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Nuclear brinkmanship as practised by North Korea

any opportunity for a preemptive strike against the North’s nuclear sites has been lost, for fear it would prompt an attack on Seoul and other parts of the South. Now, the threat of destruction raining down on the northern parts of South Korea is too high a price. Consequently, the only option remaining is diplomacy.

flag-N-KoreaThe art of North Korea’s nuclear brinkmanship, Guardian, Robert E McCoy for NK News, part of the North Korea network, 29 May 15 A string of recent missile launches may have been faked, but the country is a nuclear power that requires diplomatic engagement argues Robert E McCoy 

North Korea’s press office announced earlier this month that Kim Jong-un had personally supervised the firing of a new submarine-based missile.

The news was soon followed by more footage from state media claiming to evidence another ballistic missile launch, but experts have since voiced doubts over the authenticity of the images.

But these stories are just the latest steps in a routine North Korea has long been playing with the west.

Despite often engaging in deals and agreements with western powers hoping to halt its nuclear proliferation, this “dance” of negotiations has so far failed to halt the DPRK’s military development…………….

Perhaps it’s time for diplomacy to try a different tack?

The routine begins

Troubles with North Korea began in 1989 when it was first suspected of developing a nuclear bomb, despite having signed the nuclear non-proliferation treaty just three years earlier……………

events reveal a pattern, and suggests that North Korea has developed a tried-and-tested formula to outwit western powers for over 25 years.

It has done so using a modus operandi we’ll call “the dance”, which follows these eight steps:

Step 1: North Korea wants or needs something, most often food or petroleum.

Step 2: North Korea generates tension and gains international attention.

Step 3: Countries initially ignore the activity and attribute it to North Korea merely “acting up”.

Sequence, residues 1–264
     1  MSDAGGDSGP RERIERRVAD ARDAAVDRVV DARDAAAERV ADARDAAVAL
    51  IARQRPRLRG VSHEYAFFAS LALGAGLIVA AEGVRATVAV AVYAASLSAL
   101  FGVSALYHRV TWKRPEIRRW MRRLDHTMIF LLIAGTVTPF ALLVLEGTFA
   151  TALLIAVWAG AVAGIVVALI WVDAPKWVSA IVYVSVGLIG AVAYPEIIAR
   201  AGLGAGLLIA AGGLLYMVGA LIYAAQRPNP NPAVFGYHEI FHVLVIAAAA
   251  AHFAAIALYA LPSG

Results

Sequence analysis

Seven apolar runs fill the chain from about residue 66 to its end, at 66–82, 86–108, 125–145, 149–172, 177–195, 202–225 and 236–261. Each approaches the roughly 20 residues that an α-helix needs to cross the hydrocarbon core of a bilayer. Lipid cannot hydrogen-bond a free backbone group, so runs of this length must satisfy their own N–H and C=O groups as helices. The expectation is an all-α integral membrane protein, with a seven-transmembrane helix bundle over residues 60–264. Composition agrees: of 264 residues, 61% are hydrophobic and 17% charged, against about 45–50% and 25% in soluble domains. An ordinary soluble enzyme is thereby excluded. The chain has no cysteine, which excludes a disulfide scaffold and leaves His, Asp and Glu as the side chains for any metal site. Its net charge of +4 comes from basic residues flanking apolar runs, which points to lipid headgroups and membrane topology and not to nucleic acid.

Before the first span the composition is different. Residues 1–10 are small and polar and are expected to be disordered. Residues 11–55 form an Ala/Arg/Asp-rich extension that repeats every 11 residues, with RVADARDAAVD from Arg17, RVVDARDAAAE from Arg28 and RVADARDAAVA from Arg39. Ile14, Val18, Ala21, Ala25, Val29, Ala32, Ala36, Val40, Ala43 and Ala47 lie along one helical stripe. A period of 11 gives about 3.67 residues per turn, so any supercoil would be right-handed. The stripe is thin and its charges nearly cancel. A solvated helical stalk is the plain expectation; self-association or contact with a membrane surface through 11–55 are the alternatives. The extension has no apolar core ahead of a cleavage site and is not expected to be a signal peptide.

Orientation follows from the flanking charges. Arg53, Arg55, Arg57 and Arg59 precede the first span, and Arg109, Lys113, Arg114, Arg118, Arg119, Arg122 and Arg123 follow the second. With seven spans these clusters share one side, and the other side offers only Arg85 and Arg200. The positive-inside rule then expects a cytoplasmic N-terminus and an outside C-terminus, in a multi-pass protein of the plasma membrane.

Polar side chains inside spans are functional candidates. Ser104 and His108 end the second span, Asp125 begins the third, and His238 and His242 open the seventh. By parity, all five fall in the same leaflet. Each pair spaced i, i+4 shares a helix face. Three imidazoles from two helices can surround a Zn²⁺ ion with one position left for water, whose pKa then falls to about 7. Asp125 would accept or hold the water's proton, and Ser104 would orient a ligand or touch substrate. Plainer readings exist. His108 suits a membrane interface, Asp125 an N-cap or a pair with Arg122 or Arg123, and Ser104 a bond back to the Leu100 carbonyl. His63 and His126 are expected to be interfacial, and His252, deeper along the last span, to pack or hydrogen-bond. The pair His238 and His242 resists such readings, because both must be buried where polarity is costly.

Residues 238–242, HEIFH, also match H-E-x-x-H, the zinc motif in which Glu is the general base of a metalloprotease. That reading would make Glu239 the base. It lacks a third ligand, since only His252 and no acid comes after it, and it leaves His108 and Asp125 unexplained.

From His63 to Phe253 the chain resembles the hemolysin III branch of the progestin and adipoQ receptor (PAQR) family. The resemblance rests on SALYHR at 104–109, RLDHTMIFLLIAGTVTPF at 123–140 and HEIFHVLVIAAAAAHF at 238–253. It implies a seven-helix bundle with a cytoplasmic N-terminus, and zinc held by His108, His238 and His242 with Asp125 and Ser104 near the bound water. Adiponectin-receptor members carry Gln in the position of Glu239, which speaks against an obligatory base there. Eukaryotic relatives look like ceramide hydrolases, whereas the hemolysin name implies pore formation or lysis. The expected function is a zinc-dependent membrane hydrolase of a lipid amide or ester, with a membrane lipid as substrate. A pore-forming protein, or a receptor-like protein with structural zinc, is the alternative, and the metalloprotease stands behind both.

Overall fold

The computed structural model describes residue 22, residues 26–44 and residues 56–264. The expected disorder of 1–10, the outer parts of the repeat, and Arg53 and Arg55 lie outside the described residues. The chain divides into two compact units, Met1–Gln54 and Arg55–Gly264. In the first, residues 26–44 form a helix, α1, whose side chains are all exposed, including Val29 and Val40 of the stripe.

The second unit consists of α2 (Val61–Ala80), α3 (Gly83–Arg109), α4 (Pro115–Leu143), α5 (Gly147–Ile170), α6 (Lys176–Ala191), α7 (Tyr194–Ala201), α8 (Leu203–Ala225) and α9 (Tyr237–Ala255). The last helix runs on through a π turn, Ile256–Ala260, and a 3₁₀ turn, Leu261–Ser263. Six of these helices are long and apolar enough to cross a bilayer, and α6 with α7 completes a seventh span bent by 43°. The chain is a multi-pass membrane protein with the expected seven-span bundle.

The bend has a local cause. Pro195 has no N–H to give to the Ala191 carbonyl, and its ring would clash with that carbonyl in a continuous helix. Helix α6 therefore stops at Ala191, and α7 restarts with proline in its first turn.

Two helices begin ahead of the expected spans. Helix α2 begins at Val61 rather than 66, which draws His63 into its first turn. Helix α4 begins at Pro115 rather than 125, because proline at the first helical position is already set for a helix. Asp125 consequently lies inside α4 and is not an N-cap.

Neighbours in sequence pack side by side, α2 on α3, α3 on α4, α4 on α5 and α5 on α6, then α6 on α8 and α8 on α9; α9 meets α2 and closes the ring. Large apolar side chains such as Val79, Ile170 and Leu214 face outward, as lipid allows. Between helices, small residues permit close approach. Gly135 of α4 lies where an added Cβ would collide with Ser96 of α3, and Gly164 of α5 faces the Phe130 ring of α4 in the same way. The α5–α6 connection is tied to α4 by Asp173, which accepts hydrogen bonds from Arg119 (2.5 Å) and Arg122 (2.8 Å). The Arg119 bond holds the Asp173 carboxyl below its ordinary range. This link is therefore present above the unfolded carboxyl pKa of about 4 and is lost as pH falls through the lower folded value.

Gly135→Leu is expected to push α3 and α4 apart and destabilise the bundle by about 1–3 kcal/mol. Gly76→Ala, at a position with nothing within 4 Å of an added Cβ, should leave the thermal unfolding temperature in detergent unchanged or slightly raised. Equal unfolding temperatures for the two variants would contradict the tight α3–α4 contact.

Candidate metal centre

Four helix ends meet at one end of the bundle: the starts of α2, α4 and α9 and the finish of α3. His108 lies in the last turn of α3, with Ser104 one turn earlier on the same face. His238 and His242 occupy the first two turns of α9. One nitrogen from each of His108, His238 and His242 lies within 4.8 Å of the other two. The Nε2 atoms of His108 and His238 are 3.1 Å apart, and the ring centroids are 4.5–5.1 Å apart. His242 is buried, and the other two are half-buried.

Step 4: North Korea increases tension through increasingly violent acts or extreme rhetoric.

Step 5: The world finally pays attention and agrees to discuss a resolution.

Step 6: North Korea agrees to stop its nuclear and missile programs in exchange for what it needs or wants: food, petroleum or other aid.

Step 7: Once the aid is received, North Korea soon finds – or invents – a way to justify breaking its commitment.

Step 8: Repeat……………..

any opportunity for a preemptive strike against the North’s nuclear sites has been lost, for fear it would prompt an attack on Seoul and other parts of the South. Now, the threat of destruction raining down on the northern parts of South Korea is too high a price. Consequently, the only option remaining is diplomacy.

The facts are that the DPRK has a small nuclear arsenal, a crude but effective delivery system, and enough conventional rockets and short-range missiles aimed at densely populated areas of South Korea to make residents there nervous.

Of course, there are no guarantees that talking with North Korea will produce change. For one thing, it is highly improbable that the country would agree to give up its weapons: for Kim Jong-un, these programs are seen as vital to ensure his, and North Korea’s, survival.

But beyond the nuclear issue, there are a host of other pressing questions that would benefit greatly from discussion with the North: reunions for families separated by the Korean War, for example, or food and nutritional aid for children and nursing mothers, and medical assistance in combating tuberculosis and sexually transmitted diseases, for starters.

It’s diplomacy that can bring about these much-needed conversations between the North and the rest of the world.

A version of this article first appeared in NK News, part of the North Korea network

Robert E McCoy is a retired US Air Force North Korea analyst who lived in Asia for 14 years, including over four years in Korea http://www.theguardian.com/world/2015/may/29/north-korea-nuclear-brinkmanship

May 30, 2015 - Posted by | North Korea, politics international

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